The Lost World: Jurassic Park |


The Lost World: Jurassic Park

Jeff Goldblum returns for the sequel to the original ''Jurassic Park''


Starring Jeff Goldblum, Richard Attenborough, Julianne Moore, Vince Vaughn, Arliss Howard

Director Steven Spielberg

Opens May 23

Where does a seven-ton T. rex spend its summer vacation? Anywhere it wants. Of all the big-budget Event Movies lumbering toward the screen this season, none are as rapaciously anticipated — or as feared by rival studios — as the $80 million sequel to Jurassic Park, the behemoth hit of 1993 that’s earned close to a billion dollars worldwide. But after wowing audiences with state-of-the-art dino-effects the first time around, what can Spielberg possibly do for an encore? ”The challenge of the first movie was to make people believe that dinosaurs really exist,” says screenwriter David Koepp, who penned both Jurassic scripts. ”Now we’ve got to make the dinosaurs dance.” Says Moore, who plays a paleontologist: ”There are a lot more dinosaurs this time around, and they’re a lot more expressive. They actually have personalities. Their eyes actually have teardrops. It’s very weird.”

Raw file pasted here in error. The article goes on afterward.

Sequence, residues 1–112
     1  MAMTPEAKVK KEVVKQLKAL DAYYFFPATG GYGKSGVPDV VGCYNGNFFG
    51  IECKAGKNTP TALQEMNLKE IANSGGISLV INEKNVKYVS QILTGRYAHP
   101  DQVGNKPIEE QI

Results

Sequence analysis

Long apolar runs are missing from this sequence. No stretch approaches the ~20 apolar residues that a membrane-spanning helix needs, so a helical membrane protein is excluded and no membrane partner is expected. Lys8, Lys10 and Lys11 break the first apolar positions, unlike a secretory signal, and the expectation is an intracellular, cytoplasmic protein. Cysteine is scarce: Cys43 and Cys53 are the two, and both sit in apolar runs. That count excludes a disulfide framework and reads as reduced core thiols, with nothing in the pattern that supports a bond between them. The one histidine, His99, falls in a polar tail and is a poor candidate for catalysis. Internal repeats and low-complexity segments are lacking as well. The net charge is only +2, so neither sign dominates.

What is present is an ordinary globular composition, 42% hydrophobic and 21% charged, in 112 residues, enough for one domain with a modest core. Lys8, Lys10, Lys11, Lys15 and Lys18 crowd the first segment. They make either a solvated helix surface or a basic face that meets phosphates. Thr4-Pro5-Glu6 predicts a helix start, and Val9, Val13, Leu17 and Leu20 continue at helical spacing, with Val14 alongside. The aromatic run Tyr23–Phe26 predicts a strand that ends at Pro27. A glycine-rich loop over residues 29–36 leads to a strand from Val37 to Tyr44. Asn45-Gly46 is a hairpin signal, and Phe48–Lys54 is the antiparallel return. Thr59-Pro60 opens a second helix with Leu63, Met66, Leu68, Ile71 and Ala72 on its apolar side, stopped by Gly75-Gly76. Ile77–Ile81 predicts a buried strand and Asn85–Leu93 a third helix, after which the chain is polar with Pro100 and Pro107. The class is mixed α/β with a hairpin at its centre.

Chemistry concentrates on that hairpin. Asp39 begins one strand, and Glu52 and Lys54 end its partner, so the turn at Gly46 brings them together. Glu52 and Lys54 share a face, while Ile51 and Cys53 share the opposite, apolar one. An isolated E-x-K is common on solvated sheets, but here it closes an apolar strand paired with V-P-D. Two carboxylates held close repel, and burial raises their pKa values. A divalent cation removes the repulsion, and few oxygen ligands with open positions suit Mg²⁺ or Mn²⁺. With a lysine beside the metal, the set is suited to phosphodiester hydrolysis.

The plot involves a second dinosaur-infested island — Isla Sorna, or Site B, which was somehow overlooked in the first film — and two rival human groups that descend upon it. The bad guys, led by Howard, want to capture and exploit the creatures. The good guys attempt to protect and study them. Goldblum reprises his role as chaos expert Ian Malcolm, who’s fallen on tough times since his last Jurassic adventure (Whadda ya know: His colleagues don’t believe his dinosaur-that-got-away stories and think he’s a crackpot). Attenborough returns as paleo-millionaire John Hammond; and, of course, a slew of new scaly creatures make their big-screen debut, joining some of the old familiar prehistoric faces.

”This one is going to be much darker,” adds Goldblum. ”And there’s much more about how the dinosaurs live, about dinosaur society. As real as the dinosaurs were in the first one, they’re even more real this time.” UPSIDE Get real. Who isn’t going to line up for this one? DOWNSIDE Box office expectations are so huge the movie will be considered a disappointment if it doesn’t clear $200 million.